In what authorities call a case of domestic terrorism, another pipe bomb was found in a rural Nebraska mailbox Monday, the eighth in the state and the 16th found in the Midwest.

Authorities also said a pipe bomb was found Monday in a mailbox in the small mountain community of Salida, Colo., 100 miles southwest of Denver.

A resident found the device in a sandwich bag with a piece of folded paper and alerted authorities. It did not explode.

FBI spokeswoman Ann Atanasio said the pipe bomb is similar to those found in three Midwest states, but investigators were doing more work to determine if it fit the pattern or was a copycat crime.

Authorities did not immediately release other details, including whether the paper was a note similar to the anti-government letter found with the other devices.

Pipe bombs wounded six people in Illinois and Iowa on Friday, while two other bombs found in Iowa did not explode. Over the weekend, seven bombs were found in Nebraska, but they were detonated harmlessly by authorities.

None of the wounded suffered life-threatening injuries.

The latest Nebraska pipe bomb was found near Hastings in the mailbox of someone who had been away for the weekend, authorities said. It did not explode. There was no immediate word on it was accompanied by the same anti-government note found with the other devices.

"We have confirmed that an eighth bomb has been found, beyond that we don't have any information," Postal Service spokesman David Failor said.

There have been no arrests in the case.

The FBI said Monday that the first 15 bombs clearly come from the same source, but officials have not said whether they are searching for an individual or a group.

The latest bombs were found as hundreds of nervous letter carriers went back to work across the Midwest. Rural residents in at least four Midwest states and Colorado were asked to leave their mailboxes open or remove the mailbox door as a safety measure.

Jim Pelzer wore safety goggles and earplugs as he delivered mail in Tipton, Iowa, where one of the bombs exploded Friday. The protective gear was a gift from his wife.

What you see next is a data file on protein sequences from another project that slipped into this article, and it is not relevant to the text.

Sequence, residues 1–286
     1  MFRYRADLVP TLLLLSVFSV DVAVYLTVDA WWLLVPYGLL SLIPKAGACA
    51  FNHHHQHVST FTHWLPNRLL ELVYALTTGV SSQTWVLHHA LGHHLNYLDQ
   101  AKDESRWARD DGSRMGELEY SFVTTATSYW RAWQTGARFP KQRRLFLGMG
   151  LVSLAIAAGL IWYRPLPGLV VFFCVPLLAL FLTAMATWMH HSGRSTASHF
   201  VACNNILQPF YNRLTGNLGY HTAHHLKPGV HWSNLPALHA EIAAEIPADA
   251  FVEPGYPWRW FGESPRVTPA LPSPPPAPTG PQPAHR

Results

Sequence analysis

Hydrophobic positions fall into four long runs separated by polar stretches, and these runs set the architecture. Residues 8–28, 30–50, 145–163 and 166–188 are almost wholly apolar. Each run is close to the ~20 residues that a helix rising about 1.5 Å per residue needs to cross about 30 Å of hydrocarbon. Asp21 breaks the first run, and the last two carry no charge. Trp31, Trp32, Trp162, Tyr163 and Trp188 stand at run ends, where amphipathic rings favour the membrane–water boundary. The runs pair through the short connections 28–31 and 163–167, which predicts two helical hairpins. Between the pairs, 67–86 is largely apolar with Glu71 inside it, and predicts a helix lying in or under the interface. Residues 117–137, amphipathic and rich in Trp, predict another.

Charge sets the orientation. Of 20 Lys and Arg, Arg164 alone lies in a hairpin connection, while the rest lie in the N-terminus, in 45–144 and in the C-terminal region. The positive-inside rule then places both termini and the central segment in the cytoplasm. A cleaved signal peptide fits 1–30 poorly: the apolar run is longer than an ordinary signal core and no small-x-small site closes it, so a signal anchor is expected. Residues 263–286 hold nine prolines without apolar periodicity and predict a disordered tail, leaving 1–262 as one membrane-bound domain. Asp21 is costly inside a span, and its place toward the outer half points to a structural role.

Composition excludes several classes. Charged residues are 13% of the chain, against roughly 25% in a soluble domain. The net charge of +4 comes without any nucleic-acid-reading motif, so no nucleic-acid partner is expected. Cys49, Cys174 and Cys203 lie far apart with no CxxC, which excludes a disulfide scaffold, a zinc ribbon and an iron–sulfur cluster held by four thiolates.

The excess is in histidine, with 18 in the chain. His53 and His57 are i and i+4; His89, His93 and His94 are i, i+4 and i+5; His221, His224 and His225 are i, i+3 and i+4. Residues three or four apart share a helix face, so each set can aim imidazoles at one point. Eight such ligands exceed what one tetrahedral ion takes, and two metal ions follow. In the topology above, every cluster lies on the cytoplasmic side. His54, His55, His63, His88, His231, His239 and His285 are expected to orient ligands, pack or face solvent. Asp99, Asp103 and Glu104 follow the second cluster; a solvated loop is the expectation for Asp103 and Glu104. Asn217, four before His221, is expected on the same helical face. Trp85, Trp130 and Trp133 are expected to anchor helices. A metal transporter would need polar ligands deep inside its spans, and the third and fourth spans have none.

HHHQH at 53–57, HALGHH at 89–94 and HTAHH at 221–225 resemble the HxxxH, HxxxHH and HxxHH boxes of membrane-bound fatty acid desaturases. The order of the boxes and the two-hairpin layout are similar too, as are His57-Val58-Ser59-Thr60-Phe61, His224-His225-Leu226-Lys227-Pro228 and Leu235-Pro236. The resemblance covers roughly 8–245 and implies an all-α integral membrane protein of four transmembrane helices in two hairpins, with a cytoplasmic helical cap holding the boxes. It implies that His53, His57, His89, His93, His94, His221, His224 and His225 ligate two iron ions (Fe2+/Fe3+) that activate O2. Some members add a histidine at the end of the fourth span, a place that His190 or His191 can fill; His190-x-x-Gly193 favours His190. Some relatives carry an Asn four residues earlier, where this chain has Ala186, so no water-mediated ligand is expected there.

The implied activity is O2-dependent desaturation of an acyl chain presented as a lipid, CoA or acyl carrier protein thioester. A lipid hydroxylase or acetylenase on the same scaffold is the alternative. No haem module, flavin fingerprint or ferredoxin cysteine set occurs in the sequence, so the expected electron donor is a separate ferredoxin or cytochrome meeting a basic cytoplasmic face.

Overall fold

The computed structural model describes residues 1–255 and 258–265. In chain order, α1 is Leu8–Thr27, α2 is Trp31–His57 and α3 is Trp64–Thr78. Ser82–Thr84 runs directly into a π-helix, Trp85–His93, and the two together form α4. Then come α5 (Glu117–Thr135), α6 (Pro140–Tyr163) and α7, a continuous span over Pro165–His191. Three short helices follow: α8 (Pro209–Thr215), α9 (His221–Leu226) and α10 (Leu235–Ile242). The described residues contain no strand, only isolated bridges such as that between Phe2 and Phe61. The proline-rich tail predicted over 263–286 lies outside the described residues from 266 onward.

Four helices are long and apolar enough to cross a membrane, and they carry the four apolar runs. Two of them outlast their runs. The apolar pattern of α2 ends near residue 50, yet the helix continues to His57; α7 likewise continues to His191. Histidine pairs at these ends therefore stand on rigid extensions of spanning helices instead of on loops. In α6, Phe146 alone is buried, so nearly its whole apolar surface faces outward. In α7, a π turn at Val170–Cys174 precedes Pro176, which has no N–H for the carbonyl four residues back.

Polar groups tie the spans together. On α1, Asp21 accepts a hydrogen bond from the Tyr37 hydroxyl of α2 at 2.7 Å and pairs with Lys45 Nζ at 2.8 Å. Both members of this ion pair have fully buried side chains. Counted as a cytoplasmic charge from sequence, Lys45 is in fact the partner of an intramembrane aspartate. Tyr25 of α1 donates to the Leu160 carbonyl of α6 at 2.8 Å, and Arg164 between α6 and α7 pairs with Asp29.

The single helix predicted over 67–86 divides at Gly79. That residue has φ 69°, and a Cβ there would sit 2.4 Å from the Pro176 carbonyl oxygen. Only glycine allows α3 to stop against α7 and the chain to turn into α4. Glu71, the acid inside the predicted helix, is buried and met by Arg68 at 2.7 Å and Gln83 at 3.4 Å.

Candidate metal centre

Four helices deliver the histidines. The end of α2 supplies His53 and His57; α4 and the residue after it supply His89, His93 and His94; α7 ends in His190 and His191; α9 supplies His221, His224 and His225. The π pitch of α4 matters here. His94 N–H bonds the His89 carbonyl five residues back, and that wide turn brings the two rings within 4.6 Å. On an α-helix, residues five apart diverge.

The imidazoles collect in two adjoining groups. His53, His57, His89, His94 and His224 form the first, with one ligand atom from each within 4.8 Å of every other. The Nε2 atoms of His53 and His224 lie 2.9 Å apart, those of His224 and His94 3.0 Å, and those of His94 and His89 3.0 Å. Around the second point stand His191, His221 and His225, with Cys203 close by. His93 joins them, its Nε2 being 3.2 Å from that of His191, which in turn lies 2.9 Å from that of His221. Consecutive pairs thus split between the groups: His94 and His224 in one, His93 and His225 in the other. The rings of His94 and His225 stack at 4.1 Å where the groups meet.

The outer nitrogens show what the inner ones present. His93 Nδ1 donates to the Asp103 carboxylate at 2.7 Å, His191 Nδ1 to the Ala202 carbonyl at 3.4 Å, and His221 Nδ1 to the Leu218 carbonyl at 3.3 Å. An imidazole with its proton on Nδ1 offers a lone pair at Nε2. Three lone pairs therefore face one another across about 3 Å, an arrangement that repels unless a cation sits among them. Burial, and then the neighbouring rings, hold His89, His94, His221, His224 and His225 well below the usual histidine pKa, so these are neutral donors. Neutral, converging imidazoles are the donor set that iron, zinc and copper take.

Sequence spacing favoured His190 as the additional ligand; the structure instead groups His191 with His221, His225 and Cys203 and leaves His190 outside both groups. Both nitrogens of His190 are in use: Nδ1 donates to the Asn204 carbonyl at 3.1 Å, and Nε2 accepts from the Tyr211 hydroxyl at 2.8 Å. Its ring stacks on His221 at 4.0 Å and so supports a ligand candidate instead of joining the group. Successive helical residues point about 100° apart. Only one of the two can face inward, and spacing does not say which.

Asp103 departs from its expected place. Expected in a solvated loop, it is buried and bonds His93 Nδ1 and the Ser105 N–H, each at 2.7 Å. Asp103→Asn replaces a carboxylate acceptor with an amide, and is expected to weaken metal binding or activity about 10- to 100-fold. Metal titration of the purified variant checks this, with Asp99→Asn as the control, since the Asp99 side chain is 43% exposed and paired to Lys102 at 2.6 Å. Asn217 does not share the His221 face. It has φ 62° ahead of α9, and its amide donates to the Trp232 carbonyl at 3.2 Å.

"My feeling was when we had 9/11 and the anthrax scare, I was a little concerned about my job safety," Pelzer said. "But now I'm intimidated and scared."

Mail carrier Doris Fehlhafer, who was working outside Seward, added: "With the boxes open, you feel a lot safer."

Authorities were not surprised by the discovery of the latest bomb in Nebraska because of an apparent pattern by the person or persons planting the devices, said Mike Matuzek, a Postal Service district manager.

The bombs in Iowa and Illinois were found in locations that form a large, uneven ring about 70 miles in diameter. The Nebraska bomb sites form a large ring of about 90 miles across.

The areas are separated by about 350 miles. Salida is more than 400 miles from the Nebraska sites.

The FBI said the bombs and the notes were nearly identical.

FBI agent Larry Holmquist said the only differences in the bombs were slight variations in the detonating mechanisms. He refused to elaborate.

"There is no question that these were planted by the same person or persons," Holmquist said.

Officials described the Midwest bombs as three-quarter-inch steel pipes attached to 9-volt batteries, and said they appeared to be triggered by being touched or moved.

The typewritten note found with the bombs read, in part: "If the government controls what you want to do they control what you can do. ... I'm obtaining your attention in the only way I can. More info is on its way. More 'attention getters' are on the way."

The FBI considers the attacks a case of domestic terrorism, and profiling experts have said whoever wrote the note is probably an older American man.

Dan Mihalko of the Postal Inspection Service in Washington said there is no indication that the Postal Service or its employees are the intended targets.

"When this guy is talking about the government, but it [the note] never gets into specifics about the government," he said. He said the Postal Service could be "just a convenient place of dropping things off."

Mail delivery, which was suspended Saturday, resumed Monday with added precautions. Homeowners with roadside delivery in Nebraska, Iowa and parts of Illinois and Wisconsin left their mailbox doors open or removed them.

Mail carriers were told that if a customer's mailbox was not open, they should bring the mail to the door.

Bob Temple of Morrison, Ill., said he cautiously opened his mailbox Sunday night to ease his carrier's fears. Temple's carrier was wounded when a pipe bomb blew up in her face while she was delivering mail to his next-door neighbor.

"I was pretty confident that the people that done it probably wouldn't be back this way, but it did kind of scare me," Temple said. "It was a relief when the door opened and nothing happened."

The Associated Press contributed to this report.